Drug Use May Play Role in 25% of Driver Deaths, Study
FRIDAY, June 24 (HealthDay News) -- Among U.S. drivers who died
in a car crash, about one in four tested positive for drugs, a new
study has found.
Most commonly, the drivers were found to have been using
marijuana and stimulants such as cocaine and amphetamines, and each
of these drugs accounted for one-quarter of the positive tests,
according to the report published in the July issue of the
Journal of Studies on Alcohol and Drugs.
For their study, the researchers analyzed federal government
drug test information from 44,000 drivers who died between 1998 and
It's not certain that the drugs used by the drivers were
directly responsible for the fatal crashes, the researchers said.
For example, some people who use illegal drugs may simply be
reckless drivers, they explained.
But they noted that a recent government study found that 14
percent of U.S. drivers who were randomly pulled over tested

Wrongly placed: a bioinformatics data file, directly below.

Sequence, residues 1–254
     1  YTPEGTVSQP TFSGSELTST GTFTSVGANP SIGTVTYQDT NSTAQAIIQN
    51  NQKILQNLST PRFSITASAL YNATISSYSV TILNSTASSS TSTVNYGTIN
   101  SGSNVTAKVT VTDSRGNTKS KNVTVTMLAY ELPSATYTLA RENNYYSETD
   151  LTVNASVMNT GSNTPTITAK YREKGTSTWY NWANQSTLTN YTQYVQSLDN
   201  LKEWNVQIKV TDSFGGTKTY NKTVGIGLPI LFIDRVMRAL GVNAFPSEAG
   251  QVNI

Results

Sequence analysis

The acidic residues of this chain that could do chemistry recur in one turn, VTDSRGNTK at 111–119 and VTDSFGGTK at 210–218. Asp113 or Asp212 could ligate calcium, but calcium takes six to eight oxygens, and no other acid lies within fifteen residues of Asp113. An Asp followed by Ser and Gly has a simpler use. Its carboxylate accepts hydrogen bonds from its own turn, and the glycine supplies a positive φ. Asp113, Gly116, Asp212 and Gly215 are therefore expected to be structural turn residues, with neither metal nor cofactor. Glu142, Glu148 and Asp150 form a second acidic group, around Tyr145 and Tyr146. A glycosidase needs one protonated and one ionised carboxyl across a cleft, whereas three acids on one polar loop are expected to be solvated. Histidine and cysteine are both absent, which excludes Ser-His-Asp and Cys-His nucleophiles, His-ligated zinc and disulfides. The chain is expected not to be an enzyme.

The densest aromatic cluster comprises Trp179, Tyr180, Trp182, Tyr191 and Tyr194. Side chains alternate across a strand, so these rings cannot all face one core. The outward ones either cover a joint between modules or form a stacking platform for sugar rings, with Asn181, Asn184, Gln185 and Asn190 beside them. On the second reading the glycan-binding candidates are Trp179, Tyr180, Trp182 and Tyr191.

positive for drugs. The fact that the rate of drug use was 11
percent higher among drivers in fatal crashes does suggest that
drug use contributes to road deaths.
"The suspicion is there, because when you look at drivers who've been in fatal crashes, the percentage using drugs is a good deal higher," study co-author Robert B. Voas, of the Pacific Institute for Research and Evaluation in Calverton, Md., said in a journal news release.
However, when a driver is drinking alcohol in addition to taking
drugs, the booze is usually the main impairment to driving, the
study authors noted.
"Alcohol is still the largest contributor to fatal crashes," study lead author Eduardo Romano said in the news release. "Don't drink or don't consume drugs when you're going to drive," Romano added.
The U.S. National Institute on Drug Abuse has more about
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